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Sex-Specific Genetic Variance and the Evolution of Sexual Dimorphism: A Systematic Review of Cross-Sex Genetic Correlations

Jocelyn Poissant, Alastair J. Wilson and David W. Coltman
Evolution
Vol. 64, No. 1 (Jan., 2010), pp. 97-107
Stable URL: http://www.jstor.org/stable/27743494
Page Count: 11
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Since scans are not currently available to screen readers, please contact JSTOR User Support for access. We'll provide a PDF copy for your screen reader.
Sex-Specific Genetic Variance and the Evolution of Sexual Dimorphism: A Systematic Review of Cross-Sex Genetic Correlations
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Abstract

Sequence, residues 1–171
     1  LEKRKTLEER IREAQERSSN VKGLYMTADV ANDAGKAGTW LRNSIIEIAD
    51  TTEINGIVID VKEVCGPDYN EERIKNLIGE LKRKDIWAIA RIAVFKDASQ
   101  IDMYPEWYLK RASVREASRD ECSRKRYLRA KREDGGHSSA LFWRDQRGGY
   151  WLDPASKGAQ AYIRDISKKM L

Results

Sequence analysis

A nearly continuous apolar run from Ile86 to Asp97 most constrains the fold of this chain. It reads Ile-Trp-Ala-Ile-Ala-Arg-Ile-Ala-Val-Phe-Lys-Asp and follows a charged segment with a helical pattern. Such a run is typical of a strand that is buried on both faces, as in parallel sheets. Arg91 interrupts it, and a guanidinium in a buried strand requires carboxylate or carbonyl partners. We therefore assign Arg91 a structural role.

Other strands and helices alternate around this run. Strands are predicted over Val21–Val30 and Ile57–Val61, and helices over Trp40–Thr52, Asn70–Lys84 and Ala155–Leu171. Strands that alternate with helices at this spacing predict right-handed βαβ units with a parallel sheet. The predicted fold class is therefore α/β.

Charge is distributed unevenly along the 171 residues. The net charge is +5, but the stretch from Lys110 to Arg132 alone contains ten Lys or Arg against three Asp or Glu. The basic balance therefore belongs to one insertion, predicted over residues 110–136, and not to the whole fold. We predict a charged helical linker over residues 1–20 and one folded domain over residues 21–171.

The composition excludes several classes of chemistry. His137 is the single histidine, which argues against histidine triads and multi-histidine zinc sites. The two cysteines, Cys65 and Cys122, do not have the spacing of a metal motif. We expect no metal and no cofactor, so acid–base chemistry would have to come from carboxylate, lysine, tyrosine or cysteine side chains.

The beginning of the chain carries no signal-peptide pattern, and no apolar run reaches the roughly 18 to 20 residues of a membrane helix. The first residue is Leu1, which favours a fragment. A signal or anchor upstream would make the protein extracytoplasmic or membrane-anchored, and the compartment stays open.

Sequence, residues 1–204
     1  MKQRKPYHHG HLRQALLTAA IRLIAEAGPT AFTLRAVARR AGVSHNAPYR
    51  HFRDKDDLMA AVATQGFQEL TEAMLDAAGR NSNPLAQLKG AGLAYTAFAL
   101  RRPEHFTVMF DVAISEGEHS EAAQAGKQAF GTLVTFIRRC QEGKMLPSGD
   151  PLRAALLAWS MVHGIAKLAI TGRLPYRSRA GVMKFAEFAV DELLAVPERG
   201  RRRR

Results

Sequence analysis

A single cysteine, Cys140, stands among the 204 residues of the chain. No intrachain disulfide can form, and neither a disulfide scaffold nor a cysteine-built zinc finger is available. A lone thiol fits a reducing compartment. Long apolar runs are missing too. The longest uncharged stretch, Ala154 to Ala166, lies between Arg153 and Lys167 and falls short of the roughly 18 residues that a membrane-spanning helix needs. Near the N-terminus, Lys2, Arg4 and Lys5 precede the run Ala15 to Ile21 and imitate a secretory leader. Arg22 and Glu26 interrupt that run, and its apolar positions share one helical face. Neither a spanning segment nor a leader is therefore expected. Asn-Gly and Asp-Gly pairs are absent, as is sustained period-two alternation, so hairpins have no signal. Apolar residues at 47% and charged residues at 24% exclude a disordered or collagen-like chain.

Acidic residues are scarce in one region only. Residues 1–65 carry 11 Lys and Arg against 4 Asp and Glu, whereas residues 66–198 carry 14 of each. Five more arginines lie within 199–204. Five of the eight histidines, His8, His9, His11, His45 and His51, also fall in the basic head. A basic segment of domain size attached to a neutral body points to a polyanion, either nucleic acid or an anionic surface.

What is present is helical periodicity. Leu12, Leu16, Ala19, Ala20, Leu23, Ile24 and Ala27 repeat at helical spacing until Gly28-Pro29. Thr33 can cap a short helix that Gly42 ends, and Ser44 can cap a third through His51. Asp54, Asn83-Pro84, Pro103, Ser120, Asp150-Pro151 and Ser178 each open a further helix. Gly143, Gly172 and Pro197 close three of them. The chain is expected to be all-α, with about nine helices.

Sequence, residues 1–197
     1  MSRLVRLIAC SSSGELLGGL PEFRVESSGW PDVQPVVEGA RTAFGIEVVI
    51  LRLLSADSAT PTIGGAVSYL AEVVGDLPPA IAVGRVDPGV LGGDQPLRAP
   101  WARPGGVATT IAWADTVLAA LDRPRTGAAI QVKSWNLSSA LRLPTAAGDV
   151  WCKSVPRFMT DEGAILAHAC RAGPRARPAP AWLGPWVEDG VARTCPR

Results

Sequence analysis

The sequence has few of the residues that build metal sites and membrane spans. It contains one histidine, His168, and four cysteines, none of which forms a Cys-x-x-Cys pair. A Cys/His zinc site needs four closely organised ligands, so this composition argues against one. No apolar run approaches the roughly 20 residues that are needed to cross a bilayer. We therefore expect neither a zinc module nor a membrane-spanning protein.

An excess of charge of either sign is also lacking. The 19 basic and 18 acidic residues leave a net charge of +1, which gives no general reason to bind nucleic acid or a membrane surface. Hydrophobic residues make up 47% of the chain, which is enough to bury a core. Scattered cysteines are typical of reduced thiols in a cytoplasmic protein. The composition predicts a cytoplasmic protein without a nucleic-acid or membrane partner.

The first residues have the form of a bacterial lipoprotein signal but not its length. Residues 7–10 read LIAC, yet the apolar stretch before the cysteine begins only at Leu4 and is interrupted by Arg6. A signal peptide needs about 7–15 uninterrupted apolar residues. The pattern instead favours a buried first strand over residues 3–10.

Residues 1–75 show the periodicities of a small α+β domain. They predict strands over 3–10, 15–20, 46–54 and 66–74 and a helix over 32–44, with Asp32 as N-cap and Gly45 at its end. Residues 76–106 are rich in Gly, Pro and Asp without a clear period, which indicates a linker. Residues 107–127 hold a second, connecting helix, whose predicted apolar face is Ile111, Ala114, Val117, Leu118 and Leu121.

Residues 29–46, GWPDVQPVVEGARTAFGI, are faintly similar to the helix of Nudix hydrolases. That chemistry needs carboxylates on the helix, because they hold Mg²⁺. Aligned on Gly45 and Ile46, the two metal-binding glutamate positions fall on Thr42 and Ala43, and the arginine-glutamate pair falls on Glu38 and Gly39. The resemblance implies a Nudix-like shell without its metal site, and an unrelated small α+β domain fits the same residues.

The independent evolution of the sexes may often be constrained if male and female homologous traits share a similar genetic architecture. Thus, cross-sex genetic covariance is assumed to play a key role in the evolution of sexual dimorphism (SD) with consequent impacts on sexual selection, population dynamics, and speciation processes. We compiled cross-sex genetic correlations (rMF) estimates from 114 sources to assess the extent to which the evolution of SD is typically constrained and test several specific hypotheses. First, we tested if rMF differed among trait types and especially between fitness components and other traits. We also tested the theoretical prediction of a negative relationship between rMF and SD based on the expectation that increases in SD should be facilitated by sex-specific genetic variance. We show that rMF is usually large and positive but that it is typically smaller for fitness components. This demonstrates that the evolution of SD is typically genetically constrained and that sex-specific selection coefficients may often be opposite in sign due to sub-optimal levels of SD. Most importantly, we confirm that sex-specific genetic variance is an important contributor to the evolution of SD by validating the prediction of a negative correlation between rMF and SD.

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